It sounds like the stuff of pure science-fiction, but it’s not: Japanese scientists have demonstrated a system that can display actual images of what you’re thinking about on a screen.
ATR Computational Neuroscience Laboratories have designed their system to sample electrical signals from retina to the brain’s visual cortex–when you see an item this is the pathway used to transmit the data to your brain. The team’s work thus far has involved simple trained imagery (400 still images), sampling the brain’s activity and reconstructing what the subject’s eyes are seeing.
It’s apparently the very first time this has been done, but it has far-reaching implications. The team argues that eventually when enough understanding has been built up to enable a system like this to decode the brain activity associated with more diverse imagery then it should be able to simply display what’s on your mind. And that would include dreaming.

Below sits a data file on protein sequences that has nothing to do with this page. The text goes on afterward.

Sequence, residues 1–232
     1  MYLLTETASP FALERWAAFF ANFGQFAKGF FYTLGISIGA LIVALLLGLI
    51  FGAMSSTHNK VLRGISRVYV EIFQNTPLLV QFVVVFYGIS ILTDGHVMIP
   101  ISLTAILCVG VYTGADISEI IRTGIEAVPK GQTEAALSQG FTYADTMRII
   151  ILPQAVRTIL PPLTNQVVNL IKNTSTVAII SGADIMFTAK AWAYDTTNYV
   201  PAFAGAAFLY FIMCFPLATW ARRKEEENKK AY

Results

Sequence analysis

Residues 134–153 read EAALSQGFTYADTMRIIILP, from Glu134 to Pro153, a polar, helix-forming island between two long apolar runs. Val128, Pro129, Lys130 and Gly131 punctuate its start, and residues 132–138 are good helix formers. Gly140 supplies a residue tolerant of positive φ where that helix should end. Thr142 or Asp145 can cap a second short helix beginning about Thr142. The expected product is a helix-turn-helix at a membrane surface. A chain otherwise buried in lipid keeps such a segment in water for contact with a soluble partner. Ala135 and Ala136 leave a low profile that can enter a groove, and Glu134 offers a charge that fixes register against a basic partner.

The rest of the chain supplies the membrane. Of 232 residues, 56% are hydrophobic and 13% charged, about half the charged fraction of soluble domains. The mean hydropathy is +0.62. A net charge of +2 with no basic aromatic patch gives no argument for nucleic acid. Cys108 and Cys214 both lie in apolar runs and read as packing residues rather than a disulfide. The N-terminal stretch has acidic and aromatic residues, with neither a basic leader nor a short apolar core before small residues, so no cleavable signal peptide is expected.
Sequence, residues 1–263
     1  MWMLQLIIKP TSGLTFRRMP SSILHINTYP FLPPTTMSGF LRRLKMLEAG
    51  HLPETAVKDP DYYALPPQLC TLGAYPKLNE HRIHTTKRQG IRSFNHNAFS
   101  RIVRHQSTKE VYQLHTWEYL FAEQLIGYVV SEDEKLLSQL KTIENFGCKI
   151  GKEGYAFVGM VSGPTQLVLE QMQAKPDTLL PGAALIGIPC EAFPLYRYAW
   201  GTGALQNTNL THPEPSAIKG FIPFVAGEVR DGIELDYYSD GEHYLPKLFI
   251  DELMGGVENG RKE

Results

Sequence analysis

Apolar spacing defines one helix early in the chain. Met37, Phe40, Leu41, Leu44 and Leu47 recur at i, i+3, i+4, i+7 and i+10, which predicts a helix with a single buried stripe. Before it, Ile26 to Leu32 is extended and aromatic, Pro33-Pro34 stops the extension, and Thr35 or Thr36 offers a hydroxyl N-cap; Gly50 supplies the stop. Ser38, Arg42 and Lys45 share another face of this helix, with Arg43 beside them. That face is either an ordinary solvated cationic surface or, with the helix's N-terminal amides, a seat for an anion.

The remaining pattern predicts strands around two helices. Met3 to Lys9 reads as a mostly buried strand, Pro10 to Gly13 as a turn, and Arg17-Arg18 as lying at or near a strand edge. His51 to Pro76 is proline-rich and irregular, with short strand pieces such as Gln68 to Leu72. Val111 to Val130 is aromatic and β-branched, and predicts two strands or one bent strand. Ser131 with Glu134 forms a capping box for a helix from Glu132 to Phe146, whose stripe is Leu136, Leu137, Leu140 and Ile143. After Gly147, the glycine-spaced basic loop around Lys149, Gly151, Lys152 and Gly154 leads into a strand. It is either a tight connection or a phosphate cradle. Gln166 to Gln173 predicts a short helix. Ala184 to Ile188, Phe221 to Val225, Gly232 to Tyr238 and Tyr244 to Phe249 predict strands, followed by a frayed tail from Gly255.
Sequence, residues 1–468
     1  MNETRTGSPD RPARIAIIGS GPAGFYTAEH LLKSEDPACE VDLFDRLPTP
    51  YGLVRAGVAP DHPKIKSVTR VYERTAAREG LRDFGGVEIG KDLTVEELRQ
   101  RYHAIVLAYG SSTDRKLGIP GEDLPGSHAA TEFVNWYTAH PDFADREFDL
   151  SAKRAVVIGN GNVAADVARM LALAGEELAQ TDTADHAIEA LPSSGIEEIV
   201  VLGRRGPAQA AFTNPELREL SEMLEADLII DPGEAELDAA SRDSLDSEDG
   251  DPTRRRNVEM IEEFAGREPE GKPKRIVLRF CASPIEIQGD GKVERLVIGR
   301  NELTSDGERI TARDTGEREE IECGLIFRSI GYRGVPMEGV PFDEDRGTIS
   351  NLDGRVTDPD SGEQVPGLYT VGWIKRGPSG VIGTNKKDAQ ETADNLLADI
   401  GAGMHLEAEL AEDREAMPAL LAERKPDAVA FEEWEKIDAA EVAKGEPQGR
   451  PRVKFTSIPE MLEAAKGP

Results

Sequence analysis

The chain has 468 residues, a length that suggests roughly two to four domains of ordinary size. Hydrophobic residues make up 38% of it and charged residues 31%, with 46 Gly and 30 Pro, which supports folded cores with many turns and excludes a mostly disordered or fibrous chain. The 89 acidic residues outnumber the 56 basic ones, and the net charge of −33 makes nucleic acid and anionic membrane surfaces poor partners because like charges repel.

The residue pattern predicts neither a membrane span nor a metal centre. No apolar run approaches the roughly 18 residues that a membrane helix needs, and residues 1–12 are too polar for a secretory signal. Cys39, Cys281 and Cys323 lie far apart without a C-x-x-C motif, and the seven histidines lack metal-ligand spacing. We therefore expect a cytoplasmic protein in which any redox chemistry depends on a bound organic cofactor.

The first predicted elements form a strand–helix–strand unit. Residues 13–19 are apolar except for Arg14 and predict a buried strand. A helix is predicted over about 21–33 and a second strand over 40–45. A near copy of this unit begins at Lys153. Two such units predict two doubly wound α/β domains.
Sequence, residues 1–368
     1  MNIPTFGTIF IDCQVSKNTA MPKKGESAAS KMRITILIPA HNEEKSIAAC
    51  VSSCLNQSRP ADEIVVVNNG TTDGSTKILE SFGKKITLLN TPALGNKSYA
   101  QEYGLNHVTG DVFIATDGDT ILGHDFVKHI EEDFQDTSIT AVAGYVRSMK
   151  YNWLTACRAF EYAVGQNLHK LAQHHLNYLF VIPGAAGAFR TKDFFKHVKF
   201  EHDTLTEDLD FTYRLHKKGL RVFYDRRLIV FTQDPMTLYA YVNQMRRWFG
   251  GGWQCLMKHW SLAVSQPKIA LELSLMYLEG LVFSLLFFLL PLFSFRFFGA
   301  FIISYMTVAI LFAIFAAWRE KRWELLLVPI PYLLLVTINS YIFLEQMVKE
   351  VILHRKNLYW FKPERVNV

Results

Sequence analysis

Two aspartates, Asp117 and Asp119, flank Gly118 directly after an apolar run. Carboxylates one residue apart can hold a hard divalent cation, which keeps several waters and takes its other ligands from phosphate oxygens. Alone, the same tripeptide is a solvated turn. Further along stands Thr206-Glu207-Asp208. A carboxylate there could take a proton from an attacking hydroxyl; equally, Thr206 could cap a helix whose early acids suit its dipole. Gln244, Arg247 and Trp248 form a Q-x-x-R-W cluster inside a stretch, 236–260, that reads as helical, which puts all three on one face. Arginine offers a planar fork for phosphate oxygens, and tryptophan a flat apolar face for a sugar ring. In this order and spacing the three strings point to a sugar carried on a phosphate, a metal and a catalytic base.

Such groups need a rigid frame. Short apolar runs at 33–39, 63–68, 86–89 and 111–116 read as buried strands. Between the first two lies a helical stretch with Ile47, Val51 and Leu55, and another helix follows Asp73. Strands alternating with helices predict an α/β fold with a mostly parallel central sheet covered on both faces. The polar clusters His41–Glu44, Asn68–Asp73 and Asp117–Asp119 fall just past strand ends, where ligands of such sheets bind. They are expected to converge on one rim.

It’s easy to argue that dreams are best left unprobed, but the fields of psychology, psychiatry and even technology like lie-detectors would undoubtedly find this technology incredibly useful.